13 tips to stay healthy during the drought crisis in Cape Town

Posted on February 12th, 2018

We have been inundated with water saving tips, but with Day Zero moving closer and closer for Cape Town residents, it’s critical to ensure you take extra care of your family’s health with the water restrictions in place.

13 tips to stay healthy during the drought crisis in Cape Town

When the dam levels reach 13.5%, Cape Town will begin to shut down its reticulation system in residential areas, which essentially means the taps will run dry. Day Zero, currently earmarked for mid-May 2018, has serious ramifications for the city, which has already been declared a disaster area.

“With a water crisis comes potential health risks. Even before the taps are turned off, when clean drinking water is not readily available, there is a high risk of some diseases that you need to anticipate and mitigate,” says Gerhard Van Emmenis, Principal Officer of Bonitas Medical Fund.

 ALSO SEE: How to teach your kids to save water

The Bonitas Babyline Team suggests these 10 tips to help you stay healthy ahead of the taps being turned off:

  1. Boil water or use water purification tablets for the rain water you are able to capture. However, preferably use this for flushing the toilet, not for drinking.
  2. With the listeriosis outbreak as well as the possibility of a Hepatitis A outbreak, it’s important to wash your fresh produce before using and eating it.
  3. Use an alcohol-based hand sanitiser or wet wipes to keep your hands clean.
  4. Bicarb and vinegar are excellent for cleaning, especially as it doesn’t destroy water for grey use.
  5. Dodgy tummy prep: Rehydrate, probiotics and medicine for stomach cramps, vomiting and diarrhoea.
  6. Use vinegar in the toilet and drains to help with any odours and bacteria.
  7. Clean with micro-fibre cloths or rags as sponges become unsanitary. It’s far easier to clean cloths and hang them up immediately. You can also throw rags away. Alternatively wipe down surfaces using wet wipes.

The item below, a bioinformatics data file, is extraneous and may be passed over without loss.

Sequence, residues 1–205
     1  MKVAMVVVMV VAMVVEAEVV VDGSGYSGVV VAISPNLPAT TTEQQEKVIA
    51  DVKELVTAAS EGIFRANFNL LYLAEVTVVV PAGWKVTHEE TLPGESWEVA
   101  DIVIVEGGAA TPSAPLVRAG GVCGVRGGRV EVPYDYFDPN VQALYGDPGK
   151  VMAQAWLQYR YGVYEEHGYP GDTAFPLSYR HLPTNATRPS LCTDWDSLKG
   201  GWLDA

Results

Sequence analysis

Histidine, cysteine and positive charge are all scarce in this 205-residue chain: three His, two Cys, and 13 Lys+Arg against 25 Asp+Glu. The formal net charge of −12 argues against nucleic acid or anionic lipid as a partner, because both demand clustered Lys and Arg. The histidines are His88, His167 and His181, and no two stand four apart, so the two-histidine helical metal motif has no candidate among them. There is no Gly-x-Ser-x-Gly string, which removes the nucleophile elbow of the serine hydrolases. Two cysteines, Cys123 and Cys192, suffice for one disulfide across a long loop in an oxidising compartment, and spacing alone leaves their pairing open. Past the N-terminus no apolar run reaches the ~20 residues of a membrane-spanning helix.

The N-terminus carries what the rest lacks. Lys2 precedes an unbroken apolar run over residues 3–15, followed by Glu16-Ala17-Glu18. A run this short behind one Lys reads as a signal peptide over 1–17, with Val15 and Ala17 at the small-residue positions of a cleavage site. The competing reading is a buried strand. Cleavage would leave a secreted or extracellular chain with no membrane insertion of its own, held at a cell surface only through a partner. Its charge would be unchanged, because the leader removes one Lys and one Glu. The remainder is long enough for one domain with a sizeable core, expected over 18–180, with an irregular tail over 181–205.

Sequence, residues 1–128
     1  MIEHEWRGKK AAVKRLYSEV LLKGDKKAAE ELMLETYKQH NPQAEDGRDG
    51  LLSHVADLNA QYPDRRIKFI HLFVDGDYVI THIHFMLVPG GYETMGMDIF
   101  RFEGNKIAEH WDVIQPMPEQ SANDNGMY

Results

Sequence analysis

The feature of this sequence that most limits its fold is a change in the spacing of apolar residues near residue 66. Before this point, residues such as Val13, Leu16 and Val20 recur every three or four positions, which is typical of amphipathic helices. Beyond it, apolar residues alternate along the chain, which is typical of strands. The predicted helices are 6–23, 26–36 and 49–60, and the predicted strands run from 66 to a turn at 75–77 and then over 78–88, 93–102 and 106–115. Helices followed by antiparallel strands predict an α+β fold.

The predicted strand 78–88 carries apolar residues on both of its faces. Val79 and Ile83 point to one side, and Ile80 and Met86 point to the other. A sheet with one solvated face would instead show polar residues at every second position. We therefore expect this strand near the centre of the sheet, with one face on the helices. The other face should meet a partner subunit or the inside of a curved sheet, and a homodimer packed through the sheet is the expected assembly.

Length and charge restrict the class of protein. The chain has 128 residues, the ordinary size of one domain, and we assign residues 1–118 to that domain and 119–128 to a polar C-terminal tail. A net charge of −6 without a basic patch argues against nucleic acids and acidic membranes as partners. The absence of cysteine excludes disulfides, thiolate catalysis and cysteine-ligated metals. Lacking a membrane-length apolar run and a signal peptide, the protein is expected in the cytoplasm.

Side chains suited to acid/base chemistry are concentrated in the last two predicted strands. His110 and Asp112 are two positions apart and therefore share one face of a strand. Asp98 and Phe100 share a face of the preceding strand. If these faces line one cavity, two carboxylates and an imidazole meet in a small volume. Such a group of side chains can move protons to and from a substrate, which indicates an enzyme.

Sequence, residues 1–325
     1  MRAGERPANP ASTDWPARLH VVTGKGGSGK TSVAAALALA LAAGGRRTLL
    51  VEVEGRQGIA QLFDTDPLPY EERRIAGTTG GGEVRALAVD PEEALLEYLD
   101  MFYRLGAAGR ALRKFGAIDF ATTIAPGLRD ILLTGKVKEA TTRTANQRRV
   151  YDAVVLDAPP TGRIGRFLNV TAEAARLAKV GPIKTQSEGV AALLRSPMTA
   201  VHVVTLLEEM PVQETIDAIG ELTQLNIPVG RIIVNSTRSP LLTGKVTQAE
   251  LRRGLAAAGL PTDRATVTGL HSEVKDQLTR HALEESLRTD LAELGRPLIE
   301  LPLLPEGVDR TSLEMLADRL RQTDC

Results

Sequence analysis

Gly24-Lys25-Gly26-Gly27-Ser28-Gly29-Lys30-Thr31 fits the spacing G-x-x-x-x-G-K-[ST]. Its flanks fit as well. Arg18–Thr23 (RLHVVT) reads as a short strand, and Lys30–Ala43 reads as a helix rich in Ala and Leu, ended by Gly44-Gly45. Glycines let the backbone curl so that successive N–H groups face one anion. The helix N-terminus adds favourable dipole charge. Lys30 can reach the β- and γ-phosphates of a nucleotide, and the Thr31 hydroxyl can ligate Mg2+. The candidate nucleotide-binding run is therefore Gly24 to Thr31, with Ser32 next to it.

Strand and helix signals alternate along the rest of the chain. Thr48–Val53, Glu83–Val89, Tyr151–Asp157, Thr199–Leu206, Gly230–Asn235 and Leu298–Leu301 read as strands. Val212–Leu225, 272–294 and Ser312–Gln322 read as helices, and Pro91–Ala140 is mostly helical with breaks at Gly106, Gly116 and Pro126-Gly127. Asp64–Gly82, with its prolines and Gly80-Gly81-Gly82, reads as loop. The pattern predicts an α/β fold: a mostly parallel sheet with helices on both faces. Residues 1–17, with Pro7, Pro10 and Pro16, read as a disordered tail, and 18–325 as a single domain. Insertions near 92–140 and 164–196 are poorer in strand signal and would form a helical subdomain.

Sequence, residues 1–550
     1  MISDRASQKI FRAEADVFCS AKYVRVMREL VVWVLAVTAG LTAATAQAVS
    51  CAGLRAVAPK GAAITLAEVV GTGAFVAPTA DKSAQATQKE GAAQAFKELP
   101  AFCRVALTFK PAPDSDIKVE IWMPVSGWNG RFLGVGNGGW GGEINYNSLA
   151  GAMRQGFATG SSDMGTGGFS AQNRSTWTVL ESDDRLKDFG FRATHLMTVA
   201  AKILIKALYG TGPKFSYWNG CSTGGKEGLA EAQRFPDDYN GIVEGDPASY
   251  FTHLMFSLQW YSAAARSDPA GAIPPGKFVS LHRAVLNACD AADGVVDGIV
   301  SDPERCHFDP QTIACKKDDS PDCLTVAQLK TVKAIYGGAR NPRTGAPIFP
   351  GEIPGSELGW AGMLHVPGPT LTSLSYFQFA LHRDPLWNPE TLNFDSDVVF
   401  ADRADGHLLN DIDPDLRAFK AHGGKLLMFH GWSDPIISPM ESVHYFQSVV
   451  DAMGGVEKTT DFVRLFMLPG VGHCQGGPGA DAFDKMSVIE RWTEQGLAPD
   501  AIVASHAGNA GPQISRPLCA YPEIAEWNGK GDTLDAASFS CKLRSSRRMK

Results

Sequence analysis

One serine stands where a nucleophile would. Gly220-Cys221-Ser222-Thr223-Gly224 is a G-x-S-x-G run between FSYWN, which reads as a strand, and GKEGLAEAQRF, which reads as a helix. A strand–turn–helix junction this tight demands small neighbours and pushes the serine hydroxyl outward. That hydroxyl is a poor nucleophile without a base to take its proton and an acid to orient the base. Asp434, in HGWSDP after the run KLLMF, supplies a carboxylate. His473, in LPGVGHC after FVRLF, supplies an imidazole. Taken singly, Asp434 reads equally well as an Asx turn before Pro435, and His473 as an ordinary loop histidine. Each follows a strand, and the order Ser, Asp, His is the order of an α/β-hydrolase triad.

8. Stock up on bottled water exclusively for drinking while water stations are being sorted out. The recommendation is 5 liters a day and to have four days’ worth of fresh water per person. Do not drink non-potable water (gray water). This water should also not be used for cooking.
  9. Vaccinate against Hepatitis A if you have never been vaccinated (especially healthcare workers, communal food handlers, patients in long-term care facilities and immune-compromised people.)

Tips for kids under the age of three years:

  • Care should be taken to adequately sterilise bottles and pacifiers. In the current heat, any formula or milk left in the bottle after a feed should be discarded if not consumed immediately. Make just enough for baby for each feed.
  • Make sure your child has enough water to drink and is well hydrated. Children often do not realise they are thirsty while playing in the heat.

ALSO SEE: Signs and symptoms of dehydration

  • With water restrictions, children are prone to bacterial and fungal infections of the skin. Ensuring the skin is cleaned as thoroughly as possible every day will help prevent these infections.

ALSO SEE: 4 childhood summer illnesses to look out for

  • The single biggest threat to child health with water restrictions is from gastroenteritis. Make sure food is prepared as hygienically as possible and reduce the amount of bought cold foods and salads in the child’s diet. Cooked foods served fresh are best.


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